Binding Interest Arbitration when it applies to public schools is a BAD idea and it’s no coincidence it has been specifically banned in many cities nationwide. Let’s take a look at why such a method is so dangerous to the very fabric of our community’s democracy…
TEN REASONS WHY BINDING ARBITRATION OF
PUBLIC SECTOR LABOR DISPUTES IS NOT IN THE PUBLIC INTEREST
1. Binding arbitration discourages honest, good-faith collective bargaining. As long as this extra step is available, there is a possibility that a party will hold back on the compromise-making accommodations on which effective bargaining relies.
2. Binding arbitration places far-reaching power in the hands of a person not, elected, not accountable to elected officials and not necessarily a resident of the community or even the state involved. He is unlikely to be trained or experienced in municipal finances or administration. Yet, his decision constitutes, nonetheless, a mandate on the community leadership, which can force substantial changes in taxation, public policy priorities the ability to manage the work force.
3. The arbitrator is an ad hoc appointee with no continuing responsibility to make an award that is workable as well as just. There is no year-round accountability, contrary to the principles of representative government and sound public administration.
4. It is probably impossible to make an award for one group of workers without affecting other groups of municipal workers, yet an arbitrator has neither the authority nor responsibility to examine their situation. The ‘ripple’ effect of his decision could have a tidal wave effect on the city administration.
5. Contracts are not negotiated in isolation from past or future arrangements. It is difficult to make an award for one contract without dealing with how it fits generally into long-term labor relations, into future city plans, some of which are not yet formulated or expressed.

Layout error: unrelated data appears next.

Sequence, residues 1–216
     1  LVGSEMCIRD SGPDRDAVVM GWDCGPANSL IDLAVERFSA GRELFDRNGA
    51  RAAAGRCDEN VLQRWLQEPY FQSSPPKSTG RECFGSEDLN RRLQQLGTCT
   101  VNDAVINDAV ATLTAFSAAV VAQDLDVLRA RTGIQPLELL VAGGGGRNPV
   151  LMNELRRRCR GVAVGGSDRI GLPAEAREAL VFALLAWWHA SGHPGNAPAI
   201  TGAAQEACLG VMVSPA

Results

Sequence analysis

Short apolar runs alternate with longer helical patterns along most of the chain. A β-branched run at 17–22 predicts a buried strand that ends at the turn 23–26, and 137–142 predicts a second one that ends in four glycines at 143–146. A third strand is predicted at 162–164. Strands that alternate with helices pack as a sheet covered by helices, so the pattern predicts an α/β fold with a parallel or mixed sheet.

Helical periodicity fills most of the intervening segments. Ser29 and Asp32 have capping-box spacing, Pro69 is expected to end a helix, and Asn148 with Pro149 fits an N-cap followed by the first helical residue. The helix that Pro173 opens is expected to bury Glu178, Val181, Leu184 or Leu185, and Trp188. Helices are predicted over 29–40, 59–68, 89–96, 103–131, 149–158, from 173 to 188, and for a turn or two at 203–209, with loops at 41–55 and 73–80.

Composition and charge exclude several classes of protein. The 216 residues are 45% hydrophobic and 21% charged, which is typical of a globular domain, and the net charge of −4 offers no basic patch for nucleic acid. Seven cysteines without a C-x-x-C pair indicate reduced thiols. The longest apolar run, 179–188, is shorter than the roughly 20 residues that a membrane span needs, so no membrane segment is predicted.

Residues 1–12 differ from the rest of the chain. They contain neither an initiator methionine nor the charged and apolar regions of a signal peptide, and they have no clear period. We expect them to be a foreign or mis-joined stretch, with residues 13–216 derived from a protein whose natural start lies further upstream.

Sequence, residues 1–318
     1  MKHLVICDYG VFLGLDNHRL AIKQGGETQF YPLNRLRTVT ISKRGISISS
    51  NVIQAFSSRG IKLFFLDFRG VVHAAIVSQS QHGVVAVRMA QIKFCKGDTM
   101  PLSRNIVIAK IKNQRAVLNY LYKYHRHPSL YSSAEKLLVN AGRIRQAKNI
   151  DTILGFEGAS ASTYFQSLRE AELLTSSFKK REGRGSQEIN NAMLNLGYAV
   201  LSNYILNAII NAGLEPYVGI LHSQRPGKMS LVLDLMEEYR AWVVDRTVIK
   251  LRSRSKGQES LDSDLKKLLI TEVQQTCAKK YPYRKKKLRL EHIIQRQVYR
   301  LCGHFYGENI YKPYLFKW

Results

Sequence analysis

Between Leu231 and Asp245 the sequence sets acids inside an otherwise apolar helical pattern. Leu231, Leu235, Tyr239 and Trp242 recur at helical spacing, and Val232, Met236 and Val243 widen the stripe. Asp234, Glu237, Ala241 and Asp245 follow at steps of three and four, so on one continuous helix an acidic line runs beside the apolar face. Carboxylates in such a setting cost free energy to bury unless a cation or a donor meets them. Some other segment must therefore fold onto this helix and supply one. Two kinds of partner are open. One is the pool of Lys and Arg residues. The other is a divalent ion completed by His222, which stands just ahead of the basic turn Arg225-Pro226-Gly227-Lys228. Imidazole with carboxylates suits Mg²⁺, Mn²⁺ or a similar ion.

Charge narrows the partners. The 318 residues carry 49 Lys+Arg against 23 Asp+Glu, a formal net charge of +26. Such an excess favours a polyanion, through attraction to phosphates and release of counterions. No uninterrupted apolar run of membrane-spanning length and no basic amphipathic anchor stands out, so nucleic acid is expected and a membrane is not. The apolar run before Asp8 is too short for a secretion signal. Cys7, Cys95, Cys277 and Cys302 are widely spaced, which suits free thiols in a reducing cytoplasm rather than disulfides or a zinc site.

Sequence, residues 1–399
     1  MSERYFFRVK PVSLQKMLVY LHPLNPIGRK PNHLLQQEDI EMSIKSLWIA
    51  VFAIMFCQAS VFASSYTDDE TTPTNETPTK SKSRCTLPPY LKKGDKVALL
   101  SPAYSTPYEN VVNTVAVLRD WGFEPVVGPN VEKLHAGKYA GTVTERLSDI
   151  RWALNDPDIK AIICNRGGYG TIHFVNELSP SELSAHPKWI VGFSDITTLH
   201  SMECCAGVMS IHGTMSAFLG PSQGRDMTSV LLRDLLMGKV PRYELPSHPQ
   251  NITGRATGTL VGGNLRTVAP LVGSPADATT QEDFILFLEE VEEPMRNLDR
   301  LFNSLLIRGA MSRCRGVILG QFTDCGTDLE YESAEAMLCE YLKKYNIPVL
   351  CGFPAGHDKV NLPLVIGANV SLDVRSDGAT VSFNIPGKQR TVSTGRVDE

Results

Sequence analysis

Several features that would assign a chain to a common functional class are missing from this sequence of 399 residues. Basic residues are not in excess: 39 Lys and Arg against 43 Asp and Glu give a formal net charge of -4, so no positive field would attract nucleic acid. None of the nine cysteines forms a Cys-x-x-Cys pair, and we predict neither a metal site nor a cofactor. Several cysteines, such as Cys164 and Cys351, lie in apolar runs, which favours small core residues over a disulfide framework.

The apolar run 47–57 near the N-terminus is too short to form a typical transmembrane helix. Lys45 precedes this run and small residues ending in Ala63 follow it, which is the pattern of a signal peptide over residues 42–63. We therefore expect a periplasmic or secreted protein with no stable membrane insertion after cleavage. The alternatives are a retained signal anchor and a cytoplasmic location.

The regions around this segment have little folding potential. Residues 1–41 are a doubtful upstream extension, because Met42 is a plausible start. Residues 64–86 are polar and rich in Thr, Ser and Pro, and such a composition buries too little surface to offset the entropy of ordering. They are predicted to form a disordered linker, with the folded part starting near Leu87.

6. The process is unbalanced since it makes a no-risk or low-risk step available to a union or employee organization. Rarely will an arbitrator award a union less than what management has already offered.
7. Arbitrators tend to provide something for each side in their award regardless sometimes of the actual merits involved. Some cynics suggest this may be part of an arbitrator’s job-preservation program.
8. Arbitration is an expensive add-on to the bargaining process. There are the steadily rising fees of arbitrators and now a growing use of economic consultants to prepare a case and accompanying exhibits, and as one side goes down this path, the other almost has to follow in self-defense.
9. Arbitration is a time-consuming process. The Massachusetts League of Cities and Towns found the average length of time consumed in the arbitration phase alone was more than a full year.
10. There are serious questions of constitutionality as an unconstitutional delegation of legislative authority.
“We know that compulsory arbitration has been a failure. Slowly, inexorably, compulsory arbitration destroys sensible fiscal management. Arbitration awards have caused more damage to the public service in Detroit than the strikes they were designed to prevent.”
- Detroit Mayor, Coleman Young, National Journal, February 7, 1981 (Note: Mayor Young, as a state senator, was a sponsor of Michigan’s police and fire arbitration statute.)